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Budget 2024 Offers Very Little For Gender Equality In New Zealand

The New Zealand Federation of Business and Professional Women New Zealand (BPW NZ) believes women will be adversely affected by the announcements in Budget 2024 this week.

“BPW NZ is concerned that many of the budget 2024 announcements will lead to further gender inequality and disempower women,” says President Janet Gibb.

“Last year, the 2023 budget used a gender-lens for the first time, however this does not appear to be the case for this budget, despite academic and international best practice.

“The Minister for Women is no longer in cabinet which is a huge concern for progressing many issues relating to gender equality.

“We are especially shocked with the cuts to initiatives to address family violence at a time when New Zealand is ranked as the worst developed country in the OECD for family violence,” says Gibb.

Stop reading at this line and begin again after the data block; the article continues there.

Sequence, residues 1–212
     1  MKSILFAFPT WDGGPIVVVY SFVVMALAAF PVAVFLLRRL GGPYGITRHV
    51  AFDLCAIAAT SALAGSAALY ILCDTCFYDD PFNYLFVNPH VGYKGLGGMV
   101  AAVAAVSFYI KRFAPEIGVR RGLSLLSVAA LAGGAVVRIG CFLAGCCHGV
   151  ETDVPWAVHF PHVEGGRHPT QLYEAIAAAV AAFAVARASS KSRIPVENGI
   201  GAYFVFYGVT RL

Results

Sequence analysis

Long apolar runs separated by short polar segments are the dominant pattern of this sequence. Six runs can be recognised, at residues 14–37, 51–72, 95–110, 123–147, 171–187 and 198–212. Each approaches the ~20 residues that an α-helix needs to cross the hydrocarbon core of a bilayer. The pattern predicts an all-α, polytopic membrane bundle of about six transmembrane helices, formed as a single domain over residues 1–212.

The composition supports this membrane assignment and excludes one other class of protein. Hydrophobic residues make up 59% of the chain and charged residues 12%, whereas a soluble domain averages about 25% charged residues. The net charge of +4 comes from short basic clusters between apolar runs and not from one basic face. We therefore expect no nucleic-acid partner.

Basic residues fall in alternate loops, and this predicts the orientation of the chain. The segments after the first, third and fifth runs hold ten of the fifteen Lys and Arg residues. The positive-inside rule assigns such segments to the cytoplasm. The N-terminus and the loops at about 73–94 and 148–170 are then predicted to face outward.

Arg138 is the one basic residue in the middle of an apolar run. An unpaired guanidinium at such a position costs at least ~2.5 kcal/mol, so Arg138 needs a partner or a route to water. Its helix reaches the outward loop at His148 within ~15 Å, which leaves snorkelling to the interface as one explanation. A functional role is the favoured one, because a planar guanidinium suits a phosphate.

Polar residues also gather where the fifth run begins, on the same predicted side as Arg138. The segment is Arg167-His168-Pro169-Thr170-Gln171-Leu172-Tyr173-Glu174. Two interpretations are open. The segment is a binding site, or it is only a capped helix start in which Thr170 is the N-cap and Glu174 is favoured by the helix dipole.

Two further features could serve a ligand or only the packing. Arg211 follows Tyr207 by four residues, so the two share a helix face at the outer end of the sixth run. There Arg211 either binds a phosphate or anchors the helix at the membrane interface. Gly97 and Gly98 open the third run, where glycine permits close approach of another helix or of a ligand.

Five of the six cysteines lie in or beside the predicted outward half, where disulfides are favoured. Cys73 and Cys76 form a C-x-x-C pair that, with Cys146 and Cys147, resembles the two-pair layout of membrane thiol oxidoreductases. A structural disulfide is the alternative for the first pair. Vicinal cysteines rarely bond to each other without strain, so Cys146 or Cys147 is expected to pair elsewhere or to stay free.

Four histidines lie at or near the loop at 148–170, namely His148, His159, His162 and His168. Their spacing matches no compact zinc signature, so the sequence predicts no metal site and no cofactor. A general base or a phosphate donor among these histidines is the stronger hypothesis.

However, BPW NZ acknowledges the investment to gradually extend free breast screening to 60,000 women aged 70 to 74, which aligns with BPW NZ policy for expanded breast screening services and addresses the adverse impact that Covid-19 had on take-up of screening.

“We have long advocated for the importance of addressing poverty, yet this budget offers very little for minimum wage workers, who are more likely to be women,” says Vice President Siobhan Dilly.

Further, because of the persistent gender pay gap in New Zealand, women retire with about 30% lower savings then men and are more likely to be in a vulnerable position financially as they get older.

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Budget 2024 offers minimal support for superannuants, who are also more likely to be women due to their expected longer life span.

There is no obvious alignment with the United Nations Sustainable Development Goals, one of which is about gender equality.

“Added to the lack of support for women in Budget 2024, and due to a range of government policies announced by this coalition government since the election, we are particularly concerned about the impact on wāhine Māori and vulnerable women, such as those with disabilities,” says Dill

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